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College of Engineering and Computing

  • Russell Schwartz stands with his scholars.

Donor Spotlight: How a vending machine inspired the next generation of philanthropy in the Schwartz family

By Zach Driver | November 12, 2019

If there was anyone who knew the value of a few quarters, it was Elmer Schwartz. The longtime College of Engineering and Computing professor was so much more than just a favorite instructor among students. He had a passion for making sure all students could complete their dream of a college education.

That legacy lives on through the Elmer G. Schwartz Mechanical Engineering Scholarship, a fund created by Dr. Schwartz’s son, Russell Schwartz, Political Science ’79, in honor of his late father. 

“He would take the profits from the drink machine in the student lounge and use that as a scholarship fund,” said Schwartz. “There was more than one occasion when a student was near dropping out for financial reasons, and he was able to give somebody $500 in order to keep them.”

Created in 2005, the scholarship has now helped almost 20 students navigate the cost of higher education. Schwartz recently got to sit down with some of those students at the CEC’s Scholar and Donor Luncheon. Over lunch, laughs and a little conversation, Schwartz was impressed by the students and the experience they’re gaining at the CEC.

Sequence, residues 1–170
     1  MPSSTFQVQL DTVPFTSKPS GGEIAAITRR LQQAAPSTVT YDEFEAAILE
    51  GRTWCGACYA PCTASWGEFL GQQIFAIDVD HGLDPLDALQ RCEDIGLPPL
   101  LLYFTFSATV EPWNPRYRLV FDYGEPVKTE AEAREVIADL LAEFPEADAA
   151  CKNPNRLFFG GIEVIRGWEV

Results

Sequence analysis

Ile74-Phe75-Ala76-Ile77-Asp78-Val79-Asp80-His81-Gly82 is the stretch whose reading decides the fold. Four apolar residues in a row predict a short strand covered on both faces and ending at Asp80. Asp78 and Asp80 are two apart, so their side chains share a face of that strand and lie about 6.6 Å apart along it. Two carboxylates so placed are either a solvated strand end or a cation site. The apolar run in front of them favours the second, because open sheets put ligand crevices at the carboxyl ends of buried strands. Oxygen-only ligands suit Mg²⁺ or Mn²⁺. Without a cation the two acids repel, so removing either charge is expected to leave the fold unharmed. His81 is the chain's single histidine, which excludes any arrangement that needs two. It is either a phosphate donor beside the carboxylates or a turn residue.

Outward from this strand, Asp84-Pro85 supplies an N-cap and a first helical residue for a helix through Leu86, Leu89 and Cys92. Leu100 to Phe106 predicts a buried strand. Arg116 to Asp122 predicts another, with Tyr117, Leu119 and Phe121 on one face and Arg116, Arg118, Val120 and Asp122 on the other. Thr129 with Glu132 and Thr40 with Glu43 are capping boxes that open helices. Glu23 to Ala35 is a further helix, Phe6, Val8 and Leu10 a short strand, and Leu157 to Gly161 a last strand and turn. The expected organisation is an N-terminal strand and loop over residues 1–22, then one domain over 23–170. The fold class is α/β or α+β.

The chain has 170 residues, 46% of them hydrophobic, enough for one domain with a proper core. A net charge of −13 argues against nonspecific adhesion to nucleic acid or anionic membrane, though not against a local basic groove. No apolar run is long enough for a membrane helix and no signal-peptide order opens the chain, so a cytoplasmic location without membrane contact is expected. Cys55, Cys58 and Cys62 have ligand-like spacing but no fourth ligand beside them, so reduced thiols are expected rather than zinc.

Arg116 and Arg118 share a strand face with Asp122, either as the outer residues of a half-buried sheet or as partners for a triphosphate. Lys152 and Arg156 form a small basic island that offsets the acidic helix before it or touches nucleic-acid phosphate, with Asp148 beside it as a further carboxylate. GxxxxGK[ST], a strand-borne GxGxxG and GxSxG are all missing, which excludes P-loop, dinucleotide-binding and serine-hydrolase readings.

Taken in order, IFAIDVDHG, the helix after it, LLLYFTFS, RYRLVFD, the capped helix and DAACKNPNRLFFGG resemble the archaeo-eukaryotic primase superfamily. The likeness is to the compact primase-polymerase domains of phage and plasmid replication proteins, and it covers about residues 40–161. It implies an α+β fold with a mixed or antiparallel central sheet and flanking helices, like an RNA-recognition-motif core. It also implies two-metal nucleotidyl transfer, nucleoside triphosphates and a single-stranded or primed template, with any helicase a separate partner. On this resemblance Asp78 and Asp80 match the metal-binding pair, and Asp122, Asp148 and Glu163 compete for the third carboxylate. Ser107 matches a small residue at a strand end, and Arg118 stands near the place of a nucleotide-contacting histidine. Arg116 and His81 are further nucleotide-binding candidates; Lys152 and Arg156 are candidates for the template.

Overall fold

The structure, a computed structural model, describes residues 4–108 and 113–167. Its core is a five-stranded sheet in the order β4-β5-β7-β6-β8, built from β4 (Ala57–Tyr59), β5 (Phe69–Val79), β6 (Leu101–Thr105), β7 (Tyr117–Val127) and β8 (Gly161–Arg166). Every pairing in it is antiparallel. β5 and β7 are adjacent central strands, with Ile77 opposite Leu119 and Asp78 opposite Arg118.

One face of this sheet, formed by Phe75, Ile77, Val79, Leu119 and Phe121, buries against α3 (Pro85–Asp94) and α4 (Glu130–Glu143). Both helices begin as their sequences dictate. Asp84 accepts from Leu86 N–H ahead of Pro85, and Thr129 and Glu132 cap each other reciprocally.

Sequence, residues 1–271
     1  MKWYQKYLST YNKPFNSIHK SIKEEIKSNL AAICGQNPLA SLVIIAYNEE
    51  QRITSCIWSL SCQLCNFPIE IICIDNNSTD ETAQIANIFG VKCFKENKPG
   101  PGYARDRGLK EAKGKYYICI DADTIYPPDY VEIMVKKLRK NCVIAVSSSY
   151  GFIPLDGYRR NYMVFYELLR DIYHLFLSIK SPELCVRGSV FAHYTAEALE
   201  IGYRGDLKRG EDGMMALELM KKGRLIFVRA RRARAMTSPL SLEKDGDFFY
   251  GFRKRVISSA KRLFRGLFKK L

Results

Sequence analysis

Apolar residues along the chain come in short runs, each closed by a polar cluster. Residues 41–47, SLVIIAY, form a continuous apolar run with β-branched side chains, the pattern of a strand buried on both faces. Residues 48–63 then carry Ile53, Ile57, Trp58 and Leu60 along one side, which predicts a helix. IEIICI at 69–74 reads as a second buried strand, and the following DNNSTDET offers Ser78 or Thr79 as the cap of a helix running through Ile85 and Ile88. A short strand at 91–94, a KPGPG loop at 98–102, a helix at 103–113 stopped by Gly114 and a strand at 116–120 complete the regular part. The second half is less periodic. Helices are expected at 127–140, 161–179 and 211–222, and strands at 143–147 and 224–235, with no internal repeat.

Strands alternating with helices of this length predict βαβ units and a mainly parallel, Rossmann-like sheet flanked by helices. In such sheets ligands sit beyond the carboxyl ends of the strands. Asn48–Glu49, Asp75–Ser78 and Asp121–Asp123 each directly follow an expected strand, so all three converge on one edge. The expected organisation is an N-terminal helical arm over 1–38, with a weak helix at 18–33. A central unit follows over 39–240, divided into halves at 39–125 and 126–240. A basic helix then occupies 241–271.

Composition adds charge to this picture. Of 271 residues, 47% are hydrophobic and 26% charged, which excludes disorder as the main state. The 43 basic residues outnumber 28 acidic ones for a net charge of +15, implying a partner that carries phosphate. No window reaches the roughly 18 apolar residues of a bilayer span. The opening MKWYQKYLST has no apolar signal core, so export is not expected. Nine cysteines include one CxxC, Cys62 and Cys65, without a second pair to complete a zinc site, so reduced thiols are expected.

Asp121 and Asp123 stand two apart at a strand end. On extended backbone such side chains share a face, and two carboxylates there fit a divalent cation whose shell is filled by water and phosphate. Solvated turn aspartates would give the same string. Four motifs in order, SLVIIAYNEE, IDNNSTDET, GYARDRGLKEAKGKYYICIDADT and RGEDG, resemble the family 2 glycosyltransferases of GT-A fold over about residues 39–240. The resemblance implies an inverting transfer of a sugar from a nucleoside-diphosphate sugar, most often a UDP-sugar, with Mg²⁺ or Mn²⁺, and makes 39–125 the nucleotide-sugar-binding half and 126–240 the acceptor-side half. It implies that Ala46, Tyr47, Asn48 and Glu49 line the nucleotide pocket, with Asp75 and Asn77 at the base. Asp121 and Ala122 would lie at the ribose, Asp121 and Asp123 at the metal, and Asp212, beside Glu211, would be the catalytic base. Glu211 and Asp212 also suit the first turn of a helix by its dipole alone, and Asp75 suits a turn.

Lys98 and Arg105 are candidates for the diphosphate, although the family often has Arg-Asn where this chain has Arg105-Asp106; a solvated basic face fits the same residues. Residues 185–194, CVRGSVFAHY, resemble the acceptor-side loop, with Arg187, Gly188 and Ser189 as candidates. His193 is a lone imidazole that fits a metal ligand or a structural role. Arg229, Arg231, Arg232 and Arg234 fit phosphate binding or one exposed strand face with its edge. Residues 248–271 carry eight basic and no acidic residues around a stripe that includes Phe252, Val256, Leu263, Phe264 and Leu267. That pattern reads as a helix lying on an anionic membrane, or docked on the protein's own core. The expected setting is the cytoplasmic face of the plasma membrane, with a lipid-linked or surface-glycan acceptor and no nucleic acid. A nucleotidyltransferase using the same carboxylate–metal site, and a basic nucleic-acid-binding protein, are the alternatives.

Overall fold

“I think we can agree that education is worth the effort, and we all can agree that being a Gamecock is a great thing,” he said. “There are so many opportunities open to a graduate from the College of Engineering and Computing, and it’s just great to be able to help further that opportunity.”

More than 100 people attended the luncheon that supports the college’s mission to provide more opportunities to underserved students. Dean Hossein Haj-Hariri was proud to announce the college gave out more than 440 scholarships totaling more than $450,000 to students.

Schwartz said he hopes more people will answer the call to help those struggling to afford school.

“A lot of people say you give until it feels good, but I am of the school that to really feel giving, it has to be a sacrifice, so you have to give until it hurts,” he said. “I would encourage people to give until it hurts just a little.”


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